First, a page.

Please use this identifier to cite or link to this item: https://ahro.austin.org.au/austinjspui/handle/1/9854
Title: A study of the personal radiation dose received by nuclear medicine technologists working in a dedicated PET center.
Austin Authors: Robinson, C N;Young, J G;Wallace, A B;Ibbetson, V J
Affiliation: Austin Health, Austin Campus, Studley Road, Heidelberg, Victoria, 3084, Australia
Issue Date: 1-Feb-2005
Publication information: Health Physics; 88(2 Suppl): S17-21
Abstract: The use of dedicated PET scanners is becoming more widespread throughout Australia and the world. PET imaging utilizes short-lived (approximately 108 min), high-energy (511 keV) gamma-ray emitters that could result in a high radiation dose being received by staff. As part of a larger staff and area monitoring project, this paper discusses the personal dose equivalent, H(p)(10), received by PET staff working in a dedicated PET center. The typical H(p)(10) received by staff was approximately 1 microSv per minute of close contact with patients, which resulted in an average daily dose for nuclear medicine technologists of approximately 31 microSv. The average daily administered activity to patients at Austin Health was 1,280 MBq.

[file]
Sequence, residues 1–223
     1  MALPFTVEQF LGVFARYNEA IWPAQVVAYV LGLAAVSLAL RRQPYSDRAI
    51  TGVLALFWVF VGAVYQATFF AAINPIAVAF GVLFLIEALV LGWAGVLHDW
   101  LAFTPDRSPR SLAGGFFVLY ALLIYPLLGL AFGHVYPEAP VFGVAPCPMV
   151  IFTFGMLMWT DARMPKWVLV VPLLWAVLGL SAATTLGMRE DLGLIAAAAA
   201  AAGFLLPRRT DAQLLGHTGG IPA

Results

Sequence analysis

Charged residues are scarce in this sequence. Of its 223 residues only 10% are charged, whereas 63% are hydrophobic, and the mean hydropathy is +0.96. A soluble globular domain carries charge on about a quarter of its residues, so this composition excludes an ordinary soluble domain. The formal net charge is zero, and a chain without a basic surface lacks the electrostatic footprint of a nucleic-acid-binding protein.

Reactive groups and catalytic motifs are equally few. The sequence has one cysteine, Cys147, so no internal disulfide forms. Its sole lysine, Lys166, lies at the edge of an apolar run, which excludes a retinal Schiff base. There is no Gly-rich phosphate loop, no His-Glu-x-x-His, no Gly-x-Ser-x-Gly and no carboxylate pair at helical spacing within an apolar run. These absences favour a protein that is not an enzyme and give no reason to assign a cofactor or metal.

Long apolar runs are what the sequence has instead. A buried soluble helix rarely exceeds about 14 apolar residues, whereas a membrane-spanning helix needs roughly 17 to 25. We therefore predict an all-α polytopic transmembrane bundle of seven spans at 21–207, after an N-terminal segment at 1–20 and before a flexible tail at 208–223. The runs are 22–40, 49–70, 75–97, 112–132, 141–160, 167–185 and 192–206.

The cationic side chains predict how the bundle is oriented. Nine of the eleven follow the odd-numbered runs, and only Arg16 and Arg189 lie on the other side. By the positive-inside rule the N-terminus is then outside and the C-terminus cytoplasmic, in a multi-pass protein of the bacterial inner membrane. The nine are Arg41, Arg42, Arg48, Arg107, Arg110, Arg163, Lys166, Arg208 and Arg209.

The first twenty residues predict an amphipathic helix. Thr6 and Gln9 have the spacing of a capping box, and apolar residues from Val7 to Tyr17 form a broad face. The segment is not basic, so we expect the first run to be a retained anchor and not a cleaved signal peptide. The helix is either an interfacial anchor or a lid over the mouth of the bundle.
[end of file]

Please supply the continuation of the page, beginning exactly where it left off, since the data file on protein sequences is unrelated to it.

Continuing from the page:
Gov't Doc #: 15654239
URI: http://ahro.austin.org.au/austinjspui/handle/1/9854
URL: https://pubmed.ncbi.nlm.nih.gov/15654239
Type: Journal Article
Subjects: Humans
Occupational Exposure.statistics & numerical data
Positron-Emission Tomography.methods.standards
Radiation Dosage
Radiometry.methods.standards
Thermoluminescent Dosimetry
Appears in Collections:Journal articles

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